When you are done, stretch all the body parts you worked (this could be covered in the book you bought), holding each stretch for about 10 seconds.
Do this 2-3 times a week, giving at least 48 hours between workouts to let your muscles repair and adapt.
When you have completed all body parts, put that cardio exercise DVD in and give it a whirl. It's a good idea to do at least 30 minutes of cardio, but more sure never hurts. Cardio you can do more often. If you are brand-new to exercise, I'd recommend starting out with 3-4 sessions a week at least 20 minutes long. As soon as you feel ready, either increase the length of cardio time, or the intensity.
And there you have it! That's how you get started.
The next time, if you feel ready, add light weights- start with the lightest ones you have if you still feel a bit shaky, but keep in mind that you want to progress fairly quickly to weights that feel challenging by the time you get to the end of the 15 rep set.
You can also move cardio to another time of day- it's perfectly acceptable to split your workout into smaller sessions.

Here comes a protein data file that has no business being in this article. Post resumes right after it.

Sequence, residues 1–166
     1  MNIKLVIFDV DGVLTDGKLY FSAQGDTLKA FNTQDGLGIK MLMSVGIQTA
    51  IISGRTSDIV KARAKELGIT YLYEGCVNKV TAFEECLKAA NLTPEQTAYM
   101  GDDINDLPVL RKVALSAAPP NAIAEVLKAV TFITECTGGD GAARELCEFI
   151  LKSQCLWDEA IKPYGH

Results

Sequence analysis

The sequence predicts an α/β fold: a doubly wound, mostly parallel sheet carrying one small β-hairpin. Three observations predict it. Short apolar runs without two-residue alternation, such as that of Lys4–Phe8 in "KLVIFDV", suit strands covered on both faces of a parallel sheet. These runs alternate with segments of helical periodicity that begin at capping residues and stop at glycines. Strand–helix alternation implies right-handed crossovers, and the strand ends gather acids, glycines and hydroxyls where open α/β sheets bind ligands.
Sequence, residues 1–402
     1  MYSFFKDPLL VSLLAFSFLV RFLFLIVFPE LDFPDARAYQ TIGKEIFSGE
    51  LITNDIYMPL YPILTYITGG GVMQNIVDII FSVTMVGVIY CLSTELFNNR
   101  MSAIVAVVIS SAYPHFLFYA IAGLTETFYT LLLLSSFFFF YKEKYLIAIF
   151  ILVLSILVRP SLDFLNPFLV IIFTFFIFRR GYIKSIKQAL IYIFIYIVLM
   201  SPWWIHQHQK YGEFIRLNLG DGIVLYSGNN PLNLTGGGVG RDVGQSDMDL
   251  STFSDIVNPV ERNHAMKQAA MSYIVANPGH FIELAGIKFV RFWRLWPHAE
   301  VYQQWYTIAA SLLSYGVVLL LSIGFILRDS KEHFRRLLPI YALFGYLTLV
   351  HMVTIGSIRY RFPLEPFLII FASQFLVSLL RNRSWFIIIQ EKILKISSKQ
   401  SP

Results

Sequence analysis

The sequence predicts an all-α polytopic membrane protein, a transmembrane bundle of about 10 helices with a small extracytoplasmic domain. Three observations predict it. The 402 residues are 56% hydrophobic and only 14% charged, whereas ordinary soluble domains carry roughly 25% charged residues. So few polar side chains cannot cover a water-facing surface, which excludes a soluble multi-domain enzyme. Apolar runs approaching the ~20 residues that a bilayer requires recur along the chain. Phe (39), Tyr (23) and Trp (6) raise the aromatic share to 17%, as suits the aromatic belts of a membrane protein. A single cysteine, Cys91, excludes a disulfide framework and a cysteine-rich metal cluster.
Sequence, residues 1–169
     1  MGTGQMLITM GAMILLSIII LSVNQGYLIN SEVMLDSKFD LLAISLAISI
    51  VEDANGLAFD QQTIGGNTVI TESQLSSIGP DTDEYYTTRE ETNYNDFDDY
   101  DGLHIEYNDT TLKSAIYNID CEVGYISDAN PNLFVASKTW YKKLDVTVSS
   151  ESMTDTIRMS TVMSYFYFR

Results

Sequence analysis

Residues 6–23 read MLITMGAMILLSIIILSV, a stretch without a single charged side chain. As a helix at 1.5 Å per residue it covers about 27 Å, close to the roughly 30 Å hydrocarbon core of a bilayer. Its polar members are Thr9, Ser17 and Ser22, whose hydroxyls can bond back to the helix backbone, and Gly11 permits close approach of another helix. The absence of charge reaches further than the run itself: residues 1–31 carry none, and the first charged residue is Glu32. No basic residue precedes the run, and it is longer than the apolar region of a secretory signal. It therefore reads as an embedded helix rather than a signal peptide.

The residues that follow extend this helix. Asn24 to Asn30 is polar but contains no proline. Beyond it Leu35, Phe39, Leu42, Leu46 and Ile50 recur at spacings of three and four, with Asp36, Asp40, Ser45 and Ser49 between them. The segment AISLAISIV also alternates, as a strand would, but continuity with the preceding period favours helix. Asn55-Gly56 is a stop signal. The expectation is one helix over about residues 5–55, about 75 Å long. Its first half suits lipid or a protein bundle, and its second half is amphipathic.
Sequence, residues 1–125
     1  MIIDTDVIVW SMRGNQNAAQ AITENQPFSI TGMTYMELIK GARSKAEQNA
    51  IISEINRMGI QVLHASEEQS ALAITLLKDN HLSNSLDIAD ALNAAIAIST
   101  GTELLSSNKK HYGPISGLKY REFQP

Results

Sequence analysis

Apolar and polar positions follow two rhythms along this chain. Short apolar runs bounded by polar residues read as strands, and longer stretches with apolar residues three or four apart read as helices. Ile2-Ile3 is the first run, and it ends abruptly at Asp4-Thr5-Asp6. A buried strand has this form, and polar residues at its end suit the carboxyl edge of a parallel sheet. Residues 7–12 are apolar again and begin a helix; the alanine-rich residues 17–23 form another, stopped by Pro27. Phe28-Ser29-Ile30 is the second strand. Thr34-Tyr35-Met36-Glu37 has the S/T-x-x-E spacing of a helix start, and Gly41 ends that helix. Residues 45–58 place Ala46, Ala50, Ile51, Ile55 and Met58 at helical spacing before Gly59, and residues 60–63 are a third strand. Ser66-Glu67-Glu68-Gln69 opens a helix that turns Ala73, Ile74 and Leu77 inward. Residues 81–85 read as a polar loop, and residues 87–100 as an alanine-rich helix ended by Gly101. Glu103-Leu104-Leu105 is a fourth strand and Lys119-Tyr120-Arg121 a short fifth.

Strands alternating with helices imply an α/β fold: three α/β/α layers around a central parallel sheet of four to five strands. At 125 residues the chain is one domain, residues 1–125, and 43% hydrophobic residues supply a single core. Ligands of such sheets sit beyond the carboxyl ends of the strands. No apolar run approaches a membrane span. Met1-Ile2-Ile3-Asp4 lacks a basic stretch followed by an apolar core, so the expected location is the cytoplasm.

When you feel you need more, do two sets of 15 reps of each exercise.
When you feel like you need more yet, switch to different exercises for the same body parts, always starting out at least a few reps with no weight, to get the feel for it.
When you feel like you need more than that, are starting to run out of time because the workouts are getting too long, or just want something different, Email me and we'll come up with a split (working different muscles on different days) that works for you.
Don't EVER let grass grow under your feet when it comes to progressing- always challenge yourself! Not to the point of hurting yourself, but keep on raising the bar. That's how you get results.
No more excuses! Start moving!
Saturday, March 13, 2010
Months ago it was suggested to me that I do a blog about little changes one can make to improve one's health. While I do believe everyone can change some smaller and easier things to make themselves healthier (choose zero-calorie beverages, have the leave mayo off of your hamburger, get 30 minutes of aerobic activity most days, etc.) the reason I haven't blogged about this so far is because I know this in my heart: Small changes yield small results.
I think most of us want to see big results.
Here is the hard reality: The bigger the changes you make, the bigger the differences you will see in your body and health.
This is not what most people want to hear. They want to hear that if they take some magical pill, do some sort of cleansing diet, or perform one specific exercise the pounds will melt away and they will have the body of their dreams.
I'm sorry, my friends, but it just doesn't work that way.